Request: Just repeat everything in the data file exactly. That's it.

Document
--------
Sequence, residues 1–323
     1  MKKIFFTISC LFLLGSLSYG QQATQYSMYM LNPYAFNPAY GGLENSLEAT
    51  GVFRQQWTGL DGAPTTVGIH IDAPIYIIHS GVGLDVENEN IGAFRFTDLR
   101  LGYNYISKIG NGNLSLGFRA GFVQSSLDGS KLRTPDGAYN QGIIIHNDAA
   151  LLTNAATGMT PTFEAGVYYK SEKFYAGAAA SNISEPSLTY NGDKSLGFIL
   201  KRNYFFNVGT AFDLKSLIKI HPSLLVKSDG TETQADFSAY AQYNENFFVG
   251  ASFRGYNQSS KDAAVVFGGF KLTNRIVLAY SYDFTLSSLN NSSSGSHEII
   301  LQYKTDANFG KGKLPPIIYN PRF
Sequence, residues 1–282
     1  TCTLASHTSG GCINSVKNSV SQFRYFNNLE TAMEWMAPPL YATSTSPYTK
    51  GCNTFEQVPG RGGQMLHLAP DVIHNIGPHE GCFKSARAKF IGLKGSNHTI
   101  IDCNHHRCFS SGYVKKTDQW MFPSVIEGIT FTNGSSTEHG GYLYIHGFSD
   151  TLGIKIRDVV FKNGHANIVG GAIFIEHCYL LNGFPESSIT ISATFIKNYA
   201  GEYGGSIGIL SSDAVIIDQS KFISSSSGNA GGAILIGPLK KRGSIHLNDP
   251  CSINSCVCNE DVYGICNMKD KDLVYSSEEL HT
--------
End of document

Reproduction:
Sequence, residues 1–323
     1  MKKIFFTISC LFLLGSLSYG QQATQYSMYM LNPYAFNPAY GGLENSLEAT
    51  GVFRQQWTGL DGAPTTVGIH IDAPIYIIHS GVGLDVENEN IGAFRFTDLR
   101  LGYNYISKIG NGNLSLGFRA GFVQSSLDGS KLRTPDGAYN QGIIIHNDAA
   151  LLTNAATGMT PTFEAGVYYK SEKFYAGAAA SNISEPSLTY NGDKSLGFIL
   201  KRNYFFNVGT AFDLKSLIKI HPSLLVKSDG TETQADFSAY AQYNENFFVG
   251  ASFRGYNQSS KDAAVVFGGF KLTNRIVLAY SYDFTLSSLN NSSSGSHEII
   301  LQYKTDANFG KGKLPPIIYN PRF
Sequence, residues 1–282
     1  TCTLASHTSG GCINSVKNSV SQFRYFNNLE TAMEWMAPPL YATSTSPYTK
    51  GCNTFEQVPG RGGQMLHLAP DVIHNIGPHE GCFKSARAKF IGLKGSNHTI
   101  IDCNHHRCFS SGYVKKTDQW MFPSVIEGIT FTNGSSTEHG GYLYIHGFSD
   151  TLGIKIRDVV FKNGHANIVG GAIFIEHCYL LNGFPESSIT ISATFIKNYA
   201  GEYGGSIGIL SSDAVIIDQS KFISSSSGNA GGAILIGPLK KRGSIHLNDP
   251  CSINSCVCNE DVYGICNMKD KDLVYSSEEL HT